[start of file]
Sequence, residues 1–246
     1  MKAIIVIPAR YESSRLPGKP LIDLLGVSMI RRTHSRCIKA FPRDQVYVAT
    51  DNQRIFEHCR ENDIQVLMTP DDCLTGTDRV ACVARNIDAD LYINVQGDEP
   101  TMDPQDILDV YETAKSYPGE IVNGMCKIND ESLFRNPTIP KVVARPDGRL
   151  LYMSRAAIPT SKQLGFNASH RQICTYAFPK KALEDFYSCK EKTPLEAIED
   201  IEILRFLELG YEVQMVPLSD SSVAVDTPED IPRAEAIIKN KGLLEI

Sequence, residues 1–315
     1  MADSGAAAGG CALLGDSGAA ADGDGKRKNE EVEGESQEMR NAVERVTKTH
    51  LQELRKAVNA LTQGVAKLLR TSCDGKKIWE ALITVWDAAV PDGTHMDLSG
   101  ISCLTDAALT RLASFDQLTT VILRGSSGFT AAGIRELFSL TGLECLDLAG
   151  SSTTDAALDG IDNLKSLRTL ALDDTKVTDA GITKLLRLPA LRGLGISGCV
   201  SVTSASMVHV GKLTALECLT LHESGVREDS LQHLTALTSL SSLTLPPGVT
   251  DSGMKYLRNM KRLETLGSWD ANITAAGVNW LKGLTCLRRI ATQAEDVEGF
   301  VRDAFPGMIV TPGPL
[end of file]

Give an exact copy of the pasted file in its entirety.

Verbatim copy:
Sequence, residues 1–246
     1  MKAIIVIPAR YESSRLPGKP LIDLLGVSMI RRTHSRCIKA FPRDQVYVAT
    51  DNQRIFEHCR ENDIQVLMTP DDCLTGTDRV ACVARNIDAD LYINVQGDEP
   101  TMDPQDILDV YETAKSYPGE IVNGMCKIND ESLFRNPTIP KVVARPDGRL
   151  LYMSRAAIPT SKQLGFNASH RQICTYAFPK KALEDFYSCK EKTPLEAIED
   201  IEILRFLELG YEVQMVPLSD SSVAVDTPED IPRAEAIIKN KGLLEI

Sequence, residues 1–315
     1  MADSGAAAGG CALLGDSGAA ADGDGKRKNE EVEGESQEMR NAVERVTKTH
    51  LQELRKAVNA LTQGVAKLLR TSCDGKKIWE ALITVWDAAV PDGTHMDLSG
   101  ISCLTDAALT RLASFDQLTT VILRGSSGFT AAGIRELFSL TGLECLDLAG
   151  SSTTDAALDG IDNLKSLRTL ALDDTKVTDA GITKLLRLPA LRGLGISGCV
   201  SVTSASMVHV GKLTALECLT LHESGVREDS LQHLTALTSL SSLTLPPGVT
   251  DSGMKYLRNM KRLETLGSWD ANITAAGVNW LKGLTCLRRI ATQAEDVEGF
   301  VRDAFPGMIV TPGPL